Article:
Whatever your reason for stopping in, you'll find it difficult to leave — the Rivards, working closely with SPACE Architecture + Design, have transformed the space into a stunning, bright and modern treat for the eyes. “I had a ton of fun with the design; there was a lot of brick there, and then we’ve brought in a lot of lighter elements — light wood, tile,” Mowgli says. “There’s a lot of texture and light colors when you come in.”

To start, Little Fox will be open Tuesday through Saturday from 3 to 10 p.m., including a social hour with food and drink specials offered Tuesday through Friday from 3 to 6 p.m. Eventually, the Rivards plan to expand into weekday breakfast and lunch as well as brunch on weekends. The couple hope to add brunch service in early 2020 and continue expanding their hours from there.

Mowgli and Craig Rivard, owners of Little Fox. - LIZ MILLER
  • Liz Miller
  • Mowgli and Craig Rivard, owners of Little Fox.

“We hope to get into an all-day concept with espresso and pastries in the morning, light lunch service with takeaway sandwiches during the day, dinner service and then brunch service on Saturday and Sunday,” Craig says.

Little Fox feature 54 seats in the dining room plus an additional eleven at the bar and about 34 more on the outdoor patio (although that may not open until spring, weather permitting). The redesigned space includes a separate dining room for private events and dinners, which can host eight to 26 guests.

In its first few months, the restaurant will allow reservations for about half of the dining room, with the remaining seats available for walk-in diners. With an aim to become Fox Park’s favorite neighborhood eatery, that flexibility for diners is only one element of Little Fox that the Rivards are excited to share.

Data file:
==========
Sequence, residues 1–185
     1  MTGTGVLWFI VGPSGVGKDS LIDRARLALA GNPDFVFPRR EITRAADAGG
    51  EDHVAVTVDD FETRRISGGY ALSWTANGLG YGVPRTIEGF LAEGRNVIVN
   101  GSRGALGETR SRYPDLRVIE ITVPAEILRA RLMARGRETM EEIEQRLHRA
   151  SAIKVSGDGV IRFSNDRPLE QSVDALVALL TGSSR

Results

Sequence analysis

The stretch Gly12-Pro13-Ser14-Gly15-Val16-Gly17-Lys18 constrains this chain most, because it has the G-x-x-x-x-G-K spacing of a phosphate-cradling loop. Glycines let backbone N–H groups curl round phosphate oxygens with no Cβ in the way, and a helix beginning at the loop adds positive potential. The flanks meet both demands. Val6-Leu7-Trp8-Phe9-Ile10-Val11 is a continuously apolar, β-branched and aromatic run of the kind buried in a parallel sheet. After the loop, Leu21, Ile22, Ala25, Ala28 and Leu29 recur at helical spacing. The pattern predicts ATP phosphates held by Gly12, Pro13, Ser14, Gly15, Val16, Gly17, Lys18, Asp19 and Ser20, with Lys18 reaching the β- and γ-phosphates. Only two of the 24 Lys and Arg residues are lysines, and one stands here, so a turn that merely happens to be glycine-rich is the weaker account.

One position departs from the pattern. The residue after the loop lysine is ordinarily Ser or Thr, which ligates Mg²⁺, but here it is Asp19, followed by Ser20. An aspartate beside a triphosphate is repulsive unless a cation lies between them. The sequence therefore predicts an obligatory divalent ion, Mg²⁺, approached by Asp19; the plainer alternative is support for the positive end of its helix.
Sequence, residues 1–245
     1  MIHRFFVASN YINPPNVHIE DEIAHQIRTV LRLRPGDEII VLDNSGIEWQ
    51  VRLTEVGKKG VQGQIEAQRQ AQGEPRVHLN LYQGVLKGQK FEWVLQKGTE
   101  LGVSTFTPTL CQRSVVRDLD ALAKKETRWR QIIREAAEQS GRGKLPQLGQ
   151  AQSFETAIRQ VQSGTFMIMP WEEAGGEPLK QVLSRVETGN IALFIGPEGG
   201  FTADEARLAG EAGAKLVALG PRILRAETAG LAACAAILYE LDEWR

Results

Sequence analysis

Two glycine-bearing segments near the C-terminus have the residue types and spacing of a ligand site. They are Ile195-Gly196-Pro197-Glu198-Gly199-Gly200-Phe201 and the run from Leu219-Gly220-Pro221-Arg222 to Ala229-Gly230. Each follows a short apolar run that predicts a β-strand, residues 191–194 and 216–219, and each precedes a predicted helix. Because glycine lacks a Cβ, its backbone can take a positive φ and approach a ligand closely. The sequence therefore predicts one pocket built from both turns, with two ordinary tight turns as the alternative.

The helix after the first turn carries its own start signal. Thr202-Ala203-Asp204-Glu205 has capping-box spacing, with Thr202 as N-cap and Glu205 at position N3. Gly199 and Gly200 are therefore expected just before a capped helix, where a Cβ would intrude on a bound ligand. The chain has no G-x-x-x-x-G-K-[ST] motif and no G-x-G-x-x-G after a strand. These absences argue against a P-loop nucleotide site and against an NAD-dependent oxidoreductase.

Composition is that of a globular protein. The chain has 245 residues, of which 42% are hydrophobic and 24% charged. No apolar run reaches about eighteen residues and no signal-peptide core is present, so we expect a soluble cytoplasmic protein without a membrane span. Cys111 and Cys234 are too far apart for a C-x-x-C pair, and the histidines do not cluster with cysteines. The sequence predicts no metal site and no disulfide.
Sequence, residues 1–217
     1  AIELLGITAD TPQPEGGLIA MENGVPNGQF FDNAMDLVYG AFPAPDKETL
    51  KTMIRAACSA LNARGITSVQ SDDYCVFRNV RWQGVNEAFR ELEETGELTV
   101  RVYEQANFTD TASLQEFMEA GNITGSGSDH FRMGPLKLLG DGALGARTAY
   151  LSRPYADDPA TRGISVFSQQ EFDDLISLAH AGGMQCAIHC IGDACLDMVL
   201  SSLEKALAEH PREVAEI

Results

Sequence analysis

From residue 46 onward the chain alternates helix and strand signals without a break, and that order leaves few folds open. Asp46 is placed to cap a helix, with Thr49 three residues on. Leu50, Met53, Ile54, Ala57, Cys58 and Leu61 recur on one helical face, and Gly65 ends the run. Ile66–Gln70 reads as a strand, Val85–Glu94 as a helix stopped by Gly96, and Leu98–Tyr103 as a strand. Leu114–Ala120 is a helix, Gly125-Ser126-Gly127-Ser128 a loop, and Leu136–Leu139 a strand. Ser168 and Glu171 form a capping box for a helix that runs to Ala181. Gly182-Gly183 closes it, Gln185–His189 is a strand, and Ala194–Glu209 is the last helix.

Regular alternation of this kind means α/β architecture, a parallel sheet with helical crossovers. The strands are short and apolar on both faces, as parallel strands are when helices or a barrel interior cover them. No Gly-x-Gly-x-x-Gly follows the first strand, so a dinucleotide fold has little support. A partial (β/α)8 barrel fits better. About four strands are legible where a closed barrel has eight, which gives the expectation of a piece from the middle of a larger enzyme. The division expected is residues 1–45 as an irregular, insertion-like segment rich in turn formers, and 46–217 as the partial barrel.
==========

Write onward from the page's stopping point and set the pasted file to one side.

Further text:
"Every element has an effect on your experience, so we tried to think through every possible thing,” Mowgli says. “We think that when you come and eat here, between the wine, the design, the food and the music, it will make sense once you have the whole experience.”

Chicories salad with shaved vegetables, creamy red wine vinaigrette and toasted pumpkin seeds. - LIZ MILLER
  • Liz Miller
  • Chicories salad with shaved vegetables, creamy red wine vinaigrette and toasted pumpkin seeds.

Crispy fingerling potatoes with little sweetie peppers, scallions and tomato. - LIZ MILLER
  • Liz Miller
  • Crispy fingerling potatoes with little sweetie peppers, scallions and tomato.

Craig Rivard and his team of cooks are baking bread in-house for the Little Neck clam dish. - LIZ MILLER
  • Liz Miller
  • Craig Rivard and his team of cooks are baking bread in-house for the Little Neck clam dish.

Chef-owner Craig Rivard (pictured second from left) working in the kitchen with his team. - LIZ MILLER
  • Liz Miller
  • Chef-owner Craig Rivard (pictured second from left) working in the kitchen with his team.

A peek at one of the two dining areas at Little Fox. - LIZ MILLER
  • Liz Miller
  • A peek at one of the two dining areas at Little Fox.

Artwork of the Brooklyn Bridge hangs in the dining room as an homage to the Rivards' history. - LIZ MILLER
  • Liz Miller
  • Artwork of the Brooklyn Bridge hangs in the dining room as an homage to the Rivards' history.

A view of both dining areas at Little Fox. - LIZ MILLER
  • Liz Miller
  • A view of both dining areas at Little Fox.

Pictured from left to right, top to bottom: whole grilled trout, chicories salad, crispy fingerling potatoes and delicata squash. - LIZ MILLER
  • Liz Miller
  • Pictured from left to right, top to bottom: whole grilled trout, chicories salad, crispy fingerling potatoes and delicata squash.

Little Fox exclusively serves natural wines, including a French bottle featuring a fox (or reynard). - LIZ MILLER
  • Liz Miller
  • Little Fox exclusively serves natural wines, including a French bottle featuring a fox (or reynard).

Follow Liz Miller on Twitter at @lizzaymillah. We are always hungry for tips and feedback. Email the author at liz@riverfronttimes.com.